Europe's Democratic Conscience
The parliamentarians who make up PACE come from the national parliaments of the Organisation's 47 member states. They meet four times a year to discuss topical issues and ask European governments to take initiatives and report back. These parliamentarians speak for the 800 million Europeans who elected them. They broach the issues of their choice, and the governments of European countries – which are represented at the Council of Europe by the Committee of Ministers – are obliged to respond. They are Greater Europe's democratic conscience.
A Melting Pot of Ideas
Since 1949, PACE, which is sometimes said to be the driving force of the Council of Europe, has been behind many of the Organisation's major initiatives (the European Convention on Human Rights, for instance). It must be consulted about all international treaties drawn up at the Council of Europe. It elects the judges of the European Court of Human Rights and the Commissioner for Human Rights, as well as the Secretary General and Deputy Secretary General of the Council of Europe and its own Secretary General.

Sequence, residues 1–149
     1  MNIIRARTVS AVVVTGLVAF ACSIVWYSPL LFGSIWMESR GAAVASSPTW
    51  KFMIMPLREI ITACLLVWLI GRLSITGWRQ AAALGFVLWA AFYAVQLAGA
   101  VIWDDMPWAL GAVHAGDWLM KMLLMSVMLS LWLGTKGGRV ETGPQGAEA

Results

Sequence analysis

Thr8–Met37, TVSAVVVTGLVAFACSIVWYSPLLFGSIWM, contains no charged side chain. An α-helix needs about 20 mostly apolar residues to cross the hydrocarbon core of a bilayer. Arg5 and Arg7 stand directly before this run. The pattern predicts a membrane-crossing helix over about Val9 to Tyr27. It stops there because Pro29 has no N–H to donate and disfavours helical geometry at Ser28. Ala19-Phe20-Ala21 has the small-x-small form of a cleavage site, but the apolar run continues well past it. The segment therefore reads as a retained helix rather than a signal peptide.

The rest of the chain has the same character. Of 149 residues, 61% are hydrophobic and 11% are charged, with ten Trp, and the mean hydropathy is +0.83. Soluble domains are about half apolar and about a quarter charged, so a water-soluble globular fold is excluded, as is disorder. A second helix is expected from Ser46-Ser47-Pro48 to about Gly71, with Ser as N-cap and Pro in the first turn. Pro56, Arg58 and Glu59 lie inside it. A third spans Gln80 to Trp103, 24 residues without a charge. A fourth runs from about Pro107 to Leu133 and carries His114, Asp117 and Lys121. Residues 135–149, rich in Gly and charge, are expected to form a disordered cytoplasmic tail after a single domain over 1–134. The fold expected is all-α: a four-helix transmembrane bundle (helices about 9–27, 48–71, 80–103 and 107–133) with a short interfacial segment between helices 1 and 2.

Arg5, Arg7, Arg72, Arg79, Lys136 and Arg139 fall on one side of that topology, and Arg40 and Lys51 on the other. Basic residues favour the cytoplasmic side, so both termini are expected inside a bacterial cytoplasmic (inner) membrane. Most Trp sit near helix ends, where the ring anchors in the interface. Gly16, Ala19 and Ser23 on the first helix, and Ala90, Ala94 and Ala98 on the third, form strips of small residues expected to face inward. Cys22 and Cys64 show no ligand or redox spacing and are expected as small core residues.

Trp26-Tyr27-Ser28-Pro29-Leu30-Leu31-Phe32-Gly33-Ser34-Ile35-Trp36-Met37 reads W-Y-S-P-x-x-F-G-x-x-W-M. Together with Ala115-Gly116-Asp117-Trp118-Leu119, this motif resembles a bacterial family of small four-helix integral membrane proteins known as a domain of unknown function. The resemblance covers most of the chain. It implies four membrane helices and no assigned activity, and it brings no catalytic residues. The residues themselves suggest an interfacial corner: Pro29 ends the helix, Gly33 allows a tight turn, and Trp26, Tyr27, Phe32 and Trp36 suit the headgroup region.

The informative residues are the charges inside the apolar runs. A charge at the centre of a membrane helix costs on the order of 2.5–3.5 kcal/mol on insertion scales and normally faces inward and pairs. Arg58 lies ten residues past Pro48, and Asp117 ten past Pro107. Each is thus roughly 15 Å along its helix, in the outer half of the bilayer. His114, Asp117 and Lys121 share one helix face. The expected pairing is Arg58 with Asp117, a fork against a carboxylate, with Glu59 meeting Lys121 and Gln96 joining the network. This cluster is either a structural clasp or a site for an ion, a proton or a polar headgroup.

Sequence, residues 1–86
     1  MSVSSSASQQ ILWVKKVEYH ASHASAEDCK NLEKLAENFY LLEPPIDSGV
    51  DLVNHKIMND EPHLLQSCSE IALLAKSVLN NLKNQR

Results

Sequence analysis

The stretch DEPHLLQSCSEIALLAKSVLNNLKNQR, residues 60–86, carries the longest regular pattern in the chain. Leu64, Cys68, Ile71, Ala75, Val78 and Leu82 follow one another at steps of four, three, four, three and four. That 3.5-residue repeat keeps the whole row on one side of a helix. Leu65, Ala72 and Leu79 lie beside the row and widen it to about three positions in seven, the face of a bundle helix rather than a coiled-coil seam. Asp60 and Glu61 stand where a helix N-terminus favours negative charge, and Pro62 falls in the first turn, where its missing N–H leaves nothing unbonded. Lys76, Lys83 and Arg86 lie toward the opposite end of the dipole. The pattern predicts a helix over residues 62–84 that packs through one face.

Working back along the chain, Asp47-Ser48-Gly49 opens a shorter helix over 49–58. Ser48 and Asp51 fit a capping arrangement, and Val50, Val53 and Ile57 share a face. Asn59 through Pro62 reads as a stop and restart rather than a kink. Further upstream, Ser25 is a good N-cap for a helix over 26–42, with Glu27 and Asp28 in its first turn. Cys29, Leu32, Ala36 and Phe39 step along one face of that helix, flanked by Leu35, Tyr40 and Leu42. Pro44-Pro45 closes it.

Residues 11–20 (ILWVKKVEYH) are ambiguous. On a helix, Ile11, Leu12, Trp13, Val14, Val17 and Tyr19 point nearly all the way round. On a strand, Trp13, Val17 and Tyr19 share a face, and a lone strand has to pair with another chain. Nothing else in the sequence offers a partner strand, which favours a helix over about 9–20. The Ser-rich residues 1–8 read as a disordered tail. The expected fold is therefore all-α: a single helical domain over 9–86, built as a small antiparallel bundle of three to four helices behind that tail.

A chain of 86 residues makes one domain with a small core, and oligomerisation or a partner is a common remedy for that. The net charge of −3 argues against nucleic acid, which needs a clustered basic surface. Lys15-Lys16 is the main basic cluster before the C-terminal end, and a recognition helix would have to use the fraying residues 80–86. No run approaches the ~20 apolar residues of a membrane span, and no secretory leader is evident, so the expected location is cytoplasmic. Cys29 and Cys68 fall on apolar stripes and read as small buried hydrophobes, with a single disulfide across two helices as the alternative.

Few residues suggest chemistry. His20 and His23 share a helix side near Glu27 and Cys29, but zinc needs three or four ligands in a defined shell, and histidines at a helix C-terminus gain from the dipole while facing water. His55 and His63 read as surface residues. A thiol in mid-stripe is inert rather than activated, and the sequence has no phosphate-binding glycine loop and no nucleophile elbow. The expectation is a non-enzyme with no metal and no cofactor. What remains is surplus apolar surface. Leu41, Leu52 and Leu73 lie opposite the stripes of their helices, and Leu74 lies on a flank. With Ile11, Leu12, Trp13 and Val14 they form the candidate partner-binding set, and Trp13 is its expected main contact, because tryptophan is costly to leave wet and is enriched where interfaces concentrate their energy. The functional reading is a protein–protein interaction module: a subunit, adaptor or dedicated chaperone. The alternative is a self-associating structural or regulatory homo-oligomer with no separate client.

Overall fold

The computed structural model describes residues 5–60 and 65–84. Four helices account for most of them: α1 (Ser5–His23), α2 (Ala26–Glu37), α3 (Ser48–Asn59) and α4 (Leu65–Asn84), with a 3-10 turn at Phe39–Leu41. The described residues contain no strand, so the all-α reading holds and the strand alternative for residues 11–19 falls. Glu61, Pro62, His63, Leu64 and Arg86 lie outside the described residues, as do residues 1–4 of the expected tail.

The texts adopted by PACE – recommendations, resolutions and opinions – serve as guidelines for the Committee of Ministers, national governments, parliaments and political parties. Eventually, through legislation and practice, these texts influence and improve Europeans' lives.
The Parliamentary Assembly of the Council of Europe regularly adopts reports on the monitoring of Georgia's obligations and commitments as a member state. Georgia is represented in the Parliamentary Assembly by a delegation of 5 representatives and 5 substitutes.
Did you know?
The Council of Europe is a separate organisation from the 28-member EU. No country has joined the EU without first joining the Council of Europe.